The one thing the Bears are missing is a big-time middle linebacker. That's why I'd take Tremaine Edmunds from Virginia Tech.
Edmunds is built to play in a 3-4 defense, which is the base of defensive coordinator Vic Fangio's system. He's an elite athlete with fluid hips and great change-of-direction in coverage. He's great against both the run and pass, and he can bring pressure up the middle.
Adding Edmunds could give the Bears their new version of Brian Urlacher.
9. San Francisco 49ers: OT Mike McGlinchey, Notre Dame
The San Francisco 49ers could look to bolster the secondary or look for insurance for Reuben Foster's uncertain future. Ultimately, though, they'll pull the trigger on Notre Dame tackle Mike McGlinchey.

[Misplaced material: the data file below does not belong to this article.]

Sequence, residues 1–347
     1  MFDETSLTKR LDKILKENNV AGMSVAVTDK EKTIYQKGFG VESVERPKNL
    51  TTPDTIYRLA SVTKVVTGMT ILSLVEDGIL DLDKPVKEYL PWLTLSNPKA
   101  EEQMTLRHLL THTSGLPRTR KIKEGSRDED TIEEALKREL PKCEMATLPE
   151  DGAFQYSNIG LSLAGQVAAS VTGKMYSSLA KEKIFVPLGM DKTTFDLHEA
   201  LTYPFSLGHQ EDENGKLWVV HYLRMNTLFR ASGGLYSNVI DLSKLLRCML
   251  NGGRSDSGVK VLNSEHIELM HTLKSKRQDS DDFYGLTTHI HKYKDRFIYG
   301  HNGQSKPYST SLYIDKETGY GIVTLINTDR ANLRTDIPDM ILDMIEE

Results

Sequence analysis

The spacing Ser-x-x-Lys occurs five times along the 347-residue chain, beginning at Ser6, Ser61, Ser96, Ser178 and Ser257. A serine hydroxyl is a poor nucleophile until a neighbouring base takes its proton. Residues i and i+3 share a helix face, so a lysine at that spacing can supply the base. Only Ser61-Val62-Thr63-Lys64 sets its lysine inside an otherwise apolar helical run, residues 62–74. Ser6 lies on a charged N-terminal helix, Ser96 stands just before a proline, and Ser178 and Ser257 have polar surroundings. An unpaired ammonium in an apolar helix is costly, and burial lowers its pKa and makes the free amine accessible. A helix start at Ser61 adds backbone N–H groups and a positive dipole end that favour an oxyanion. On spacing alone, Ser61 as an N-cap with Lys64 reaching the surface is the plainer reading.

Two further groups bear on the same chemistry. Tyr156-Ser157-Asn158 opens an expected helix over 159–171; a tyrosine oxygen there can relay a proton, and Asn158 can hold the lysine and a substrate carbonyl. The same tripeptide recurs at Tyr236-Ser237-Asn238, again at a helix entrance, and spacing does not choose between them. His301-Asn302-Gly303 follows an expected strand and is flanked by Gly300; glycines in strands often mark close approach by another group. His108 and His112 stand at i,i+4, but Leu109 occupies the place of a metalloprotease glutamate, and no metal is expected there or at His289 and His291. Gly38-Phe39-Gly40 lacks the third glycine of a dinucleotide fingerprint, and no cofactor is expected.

I know my good friend Kyle Shanahan loves athletic offensive linemen, and at 33, Joe Staley is getting up there in age. Adding McGlinchey would give Shanahan what he likes and give the 49ers their heir at left tackle.
McGlinchey is an athletic lineman. He moves well in space when pass blocking, and he's extremely powerful at the point of attack in the run game. I got to watch him in person at every Notre Dame home game last season, and he never failed to impress.
Now, McGlinchey might not be ready to be an NFL left tackle right away. However, San Francisco could put him on the right side for a year or two and then have its franchise left tackle for the next eight-plus years. He can both help protect Jimmy Garoppolo and lead Shanahan's run game.
10. Oakland Raiders: LB Roquan Smith, Georgia